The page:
Artist’s impression of Oprah’s next big scoop.
A source close to Oprah Winfrey
has confirmed exclusively to The Daily Quarterly that the former queen of the daytime talk show has gotten her interviewing juices flowing again after breaking the story to the entire world that perhaps maybe seven of the last dozen or so Tour de France bicycle races might have been won by a cheater.
“She was really stoked to be the first journalist in the world to get the scoop that perhaps those wins were tainted,” the source said. “Being able to bring that sort of scandal to the forefront, especially in a sport like cycling, which is so universally respected and looked at to be such a clean sport that other professional sports looked up to, it really got her going.”
The source said Oprah was really proud of the recent interview, and was almost as excited to do that sit-down as she was when she interviewed author James Frey and was the first person in the world to suspect that Frey’s book, “A Million Little Pieces” wasn’t all it was purported to be. Oprah famously took Frey and the book’s editor, Nan Talese, to task on her show, and exposed the book as fiction to the entire viewing world, stunning anybody who’d read the book.
This week’s TDQ Tech features a Grindery piece about rapper/nutrition expert 50 Cent’s efforts to enhance his energy drink product, and a fantastic bit of undercover investigative journalism that would have made Mike Wallace proud, if he understood anything about technology.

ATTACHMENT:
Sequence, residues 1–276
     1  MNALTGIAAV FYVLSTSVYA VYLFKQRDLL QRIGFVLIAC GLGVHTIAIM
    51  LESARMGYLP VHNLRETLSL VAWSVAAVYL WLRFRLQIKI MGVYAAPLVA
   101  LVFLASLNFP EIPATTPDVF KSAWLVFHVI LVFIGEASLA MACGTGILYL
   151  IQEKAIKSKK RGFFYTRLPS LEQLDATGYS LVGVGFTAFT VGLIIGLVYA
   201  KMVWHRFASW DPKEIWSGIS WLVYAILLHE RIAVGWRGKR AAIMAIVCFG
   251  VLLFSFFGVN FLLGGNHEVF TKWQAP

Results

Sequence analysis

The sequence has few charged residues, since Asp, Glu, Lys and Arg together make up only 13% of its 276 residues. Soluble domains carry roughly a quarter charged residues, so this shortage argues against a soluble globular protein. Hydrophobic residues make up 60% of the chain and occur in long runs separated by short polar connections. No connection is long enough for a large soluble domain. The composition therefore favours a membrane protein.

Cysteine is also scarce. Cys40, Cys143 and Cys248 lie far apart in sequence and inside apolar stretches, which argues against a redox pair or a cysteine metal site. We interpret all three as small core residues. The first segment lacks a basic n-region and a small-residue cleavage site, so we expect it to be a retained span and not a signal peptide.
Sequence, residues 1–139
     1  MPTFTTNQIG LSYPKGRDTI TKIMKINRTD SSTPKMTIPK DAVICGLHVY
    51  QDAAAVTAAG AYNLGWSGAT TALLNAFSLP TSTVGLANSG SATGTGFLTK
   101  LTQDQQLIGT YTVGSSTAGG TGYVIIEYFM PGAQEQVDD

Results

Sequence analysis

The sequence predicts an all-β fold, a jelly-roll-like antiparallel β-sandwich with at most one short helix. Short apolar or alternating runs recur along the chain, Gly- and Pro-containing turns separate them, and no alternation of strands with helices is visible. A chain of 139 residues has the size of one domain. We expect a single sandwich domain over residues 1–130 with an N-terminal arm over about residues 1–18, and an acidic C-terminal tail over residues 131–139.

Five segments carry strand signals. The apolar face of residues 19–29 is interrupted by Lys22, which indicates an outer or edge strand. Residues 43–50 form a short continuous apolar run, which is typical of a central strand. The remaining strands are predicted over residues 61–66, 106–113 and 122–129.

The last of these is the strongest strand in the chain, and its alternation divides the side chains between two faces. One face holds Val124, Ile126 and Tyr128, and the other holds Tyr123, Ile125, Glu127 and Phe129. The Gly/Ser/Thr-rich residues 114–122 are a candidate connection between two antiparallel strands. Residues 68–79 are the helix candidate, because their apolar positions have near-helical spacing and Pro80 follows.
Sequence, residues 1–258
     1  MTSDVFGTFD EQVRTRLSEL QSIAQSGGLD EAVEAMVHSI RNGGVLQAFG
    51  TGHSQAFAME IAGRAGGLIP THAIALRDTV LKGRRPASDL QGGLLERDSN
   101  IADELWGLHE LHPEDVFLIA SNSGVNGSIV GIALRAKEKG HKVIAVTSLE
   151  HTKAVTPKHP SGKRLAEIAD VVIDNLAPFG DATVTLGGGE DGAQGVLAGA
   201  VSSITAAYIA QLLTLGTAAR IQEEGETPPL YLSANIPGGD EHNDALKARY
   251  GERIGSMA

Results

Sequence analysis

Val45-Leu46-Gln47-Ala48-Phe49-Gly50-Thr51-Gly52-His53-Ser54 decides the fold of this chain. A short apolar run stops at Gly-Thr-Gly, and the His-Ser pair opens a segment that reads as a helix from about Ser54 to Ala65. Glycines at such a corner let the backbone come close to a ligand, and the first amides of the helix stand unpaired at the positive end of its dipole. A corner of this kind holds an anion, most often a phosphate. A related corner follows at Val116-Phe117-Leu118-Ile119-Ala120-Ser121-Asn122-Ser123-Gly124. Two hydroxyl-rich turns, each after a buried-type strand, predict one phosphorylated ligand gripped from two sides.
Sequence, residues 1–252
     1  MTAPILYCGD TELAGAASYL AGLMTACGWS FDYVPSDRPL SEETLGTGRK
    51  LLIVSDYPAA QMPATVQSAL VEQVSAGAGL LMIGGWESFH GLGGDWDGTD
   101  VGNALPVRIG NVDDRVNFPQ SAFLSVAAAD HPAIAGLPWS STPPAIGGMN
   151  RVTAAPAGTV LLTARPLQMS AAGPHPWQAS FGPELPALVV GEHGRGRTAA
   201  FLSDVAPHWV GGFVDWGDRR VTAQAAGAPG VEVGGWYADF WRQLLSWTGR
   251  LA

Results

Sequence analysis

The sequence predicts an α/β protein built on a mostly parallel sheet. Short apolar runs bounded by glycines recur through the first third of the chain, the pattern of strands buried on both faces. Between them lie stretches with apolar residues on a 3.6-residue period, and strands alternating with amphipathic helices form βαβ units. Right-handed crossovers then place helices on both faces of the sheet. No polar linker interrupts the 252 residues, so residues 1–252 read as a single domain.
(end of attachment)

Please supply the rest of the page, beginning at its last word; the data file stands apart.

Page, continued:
One day we might do some undercover investigative journalism. It looks pretty cool, like James Bond and stuff, but it looks like it might be a lot of work. That kind of frightens us.
You are now technologically informed. Go and do likewise.
New Canaan, CT—
Mike Wallace, right, sits with Brian DiMaio, left, on the set of The Daily Quarterly TV Magazine. The Daily Quarterly was one of the first to bring the magazine format to television broadcasting. The assumption was that reading would not be very popular in the future.
Investigative journalistic icon Mike Wallace died at a care facility Saturday night. He was 93.
Wallace began his career in the 1940s as a radio entertainer, and then hosted game shows on TV in the 1950s before deciding in the early 1960s to focus solely on journalism. He was the first hire, and would go on to become the biggest star, on CBS’ “60 Minutes,” in 1968.
Known for his intense, confrontational interviews, Wallace would do pieces for “60 Minutes” on many controversial, polarizing figures such as Louis Farrakhan, Yasser Arafat, Moammar Gadhafi and Barbara Streisand, as well as seven US presidents. He left the program in 2006 after 37 years.